Multiple myeloma is a fairly uncommon cancer that affects plasma cells, a type of white blood cell in the spongy inner part of some bones (the bone marrow). The abnormal plasma cells — myeloma cells — cause several problems, by:

  • Forming bone tumors (plasmacytoma)

  • Preventing the marrow from making enough healthy blood cells, leading to dangerously low counts of red blood cells (anemia), platelets (thrombocytopenia), or white blood cells (leukopenia)

  • Weakening bones (particularly in the spine) by producing signals that speed up the normal breakdown of old bone without replacing it 

  • Producing useless antibodies that can harm the kidneys

Multiple myeloma remains a challenging disease, but treatment options have greatly increased over the past decade and survival rates are up. Research continues on promising new approaches, including genetic analysis of individual tumors and targeted therapies, for individualized care. 

Treatment and care

In addition to primary multiple myeloma treatment, we might also recommend:

  • Bisphosphonate drugs to slow the destruction of bone
  • Physical therapy to relieve bone problems, or surgery to place metal rods or plates to support bones and prevent or treat fractures (learn more about our cancer rehab)
  • Injection of donated antibodies to prevent infections
  • Blood transfusions to relieve anemia and related symptoms
  • A procedure called plasmapheresis to remove myeloma proteins that are thickening the blood and interfering with circulation

Learn more about our blood cancer treatments:

Multiple myeloma risk factors

We don’t know what causes most cases of multiple myeloma, and most cases develop in patients with no known risk factors. But risk factors that have been identified include:

  • Age: Almost everyone who is diagnosed is over 45, and most are over 65.
  • Race: African-Americans are twice as likely to get the disease as whites.
  • Medical History: You face a higher risk if you have a personal history of other plasma cell disorders, such as plasmacytoma (a single tumor rather than several) or monoclonal gammopathy of undetermined significance (MGUS).
  • Radiation and Chemical Exposure: So far, studies have found an association — but no strong connection — between multiple myeloma, radiation or chemicals and certain occupations, such as working in agriculture, petroleum, leather, or cosmetology.

Symptoms

Multiple myeloma does not always cause symptoms. But other patients may experience:

  • Bone pain, especially in the back or ribs
  • Bones that break easily
  • Unexplained fevers
  • Frequent infections
  • Unusual bruising or bleeding
  • Trouble breathing
  • Arm or leg weakness
  • Fatigue
  • Too much calcium in the blood (hypercalcemia), which can cause:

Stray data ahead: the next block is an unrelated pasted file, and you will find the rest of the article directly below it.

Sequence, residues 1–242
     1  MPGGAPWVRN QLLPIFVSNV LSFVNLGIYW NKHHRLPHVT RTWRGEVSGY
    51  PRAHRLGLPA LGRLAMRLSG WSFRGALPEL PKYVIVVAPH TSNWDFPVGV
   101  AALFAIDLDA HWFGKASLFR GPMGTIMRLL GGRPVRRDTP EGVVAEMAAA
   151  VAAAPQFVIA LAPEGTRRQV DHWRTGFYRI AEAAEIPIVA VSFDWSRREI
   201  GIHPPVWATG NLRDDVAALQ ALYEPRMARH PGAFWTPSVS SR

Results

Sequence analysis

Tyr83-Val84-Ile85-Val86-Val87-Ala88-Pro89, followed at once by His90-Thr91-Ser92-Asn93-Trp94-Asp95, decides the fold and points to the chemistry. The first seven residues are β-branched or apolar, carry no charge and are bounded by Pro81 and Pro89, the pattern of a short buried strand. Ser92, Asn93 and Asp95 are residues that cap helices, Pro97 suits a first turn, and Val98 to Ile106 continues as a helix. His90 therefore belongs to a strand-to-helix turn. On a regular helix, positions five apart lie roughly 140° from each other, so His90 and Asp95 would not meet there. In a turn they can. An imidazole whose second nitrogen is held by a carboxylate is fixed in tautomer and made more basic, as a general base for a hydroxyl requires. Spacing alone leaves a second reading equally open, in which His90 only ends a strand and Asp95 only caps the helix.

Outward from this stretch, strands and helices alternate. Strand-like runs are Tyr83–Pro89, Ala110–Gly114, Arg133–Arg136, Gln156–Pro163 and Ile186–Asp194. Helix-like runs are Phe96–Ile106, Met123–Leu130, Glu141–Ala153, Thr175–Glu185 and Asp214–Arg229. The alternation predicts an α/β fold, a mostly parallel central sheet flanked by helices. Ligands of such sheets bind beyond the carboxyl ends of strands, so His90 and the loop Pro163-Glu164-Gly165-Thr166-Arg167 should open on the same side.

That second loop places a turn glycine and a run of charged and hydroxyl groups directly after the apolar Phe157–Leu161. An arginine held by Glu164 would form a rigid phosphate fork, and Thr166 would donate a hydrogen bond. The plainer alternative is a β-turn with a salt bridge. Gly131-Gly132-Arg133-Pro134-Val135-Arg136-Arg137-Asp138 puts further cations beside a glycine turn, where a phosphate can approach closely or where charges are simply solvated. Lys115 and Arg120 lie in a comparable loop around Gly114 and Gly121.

• Appetite loss
    • Nausea or vomiting
    • Feeling thirsty
    • Frequent urination
    • Constipation
    • Fatigue
    • Muscle weakness
    • Restlessness
    • Confusion or trouble thinking

Other conditions can cause these symptoms, too, so it’s important to see a doctor.

Diagnosis

Successful multiple myeloma treatment depends on a complete and accurate diagnosis. Each of our patients receives a thorough evaluation so we can create an individualized plan. We diagnose with:

  • History and Physical Examination: We complete a thorough examination and take a full personal and family medical history.
  • Blood and Urine Work: We may take a blood sample to test your complete blood count (CBC), blood chemistry, and other factors.
  • Biopsy: We use a hollow needle to remove a small sample of bone marrow, blood, and bone from the hipbone or breastbone. The samples are studied under a microscope and may undergo other Testing, including analysis for genetic changes.

Additional tests may include:

  • MRI: Magnetic resonance imaging uses a powerful magnetic field and radio waves to create detailed 3D images at higher contrast than CT scans — useful for clarifying other test results.
  • Skeletal Bone Survey: X-rays of all the bones are taken, to find damaged areas.
  • Bone Densitometry: A special X-ray measures bone density.

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Videos

Joe Jackson: Bone Marrow Stem Cell Transplant for Multiple Myeloma

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Joe Jackson received a stem cell transplant at MedStar Georgetown for his diagnosis of multiple myeloma. In keeping with his religious convictions not to have a blood transfusion, Jackson was able to have his transplant with our Bloodless Medicine program and a procedure called apheresis.

Multiple Myeloma: Ask Dr. David Vesole

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David Vesole, MD, PhD, is the director of the Myeloma Program at MedStar Georgetown University Hospital. He is also a member of the blood and marrow transplant team. To see all of the questions Dr. Vesole answers, click on “show more” below. Clicking on the question takes you directly to his answer.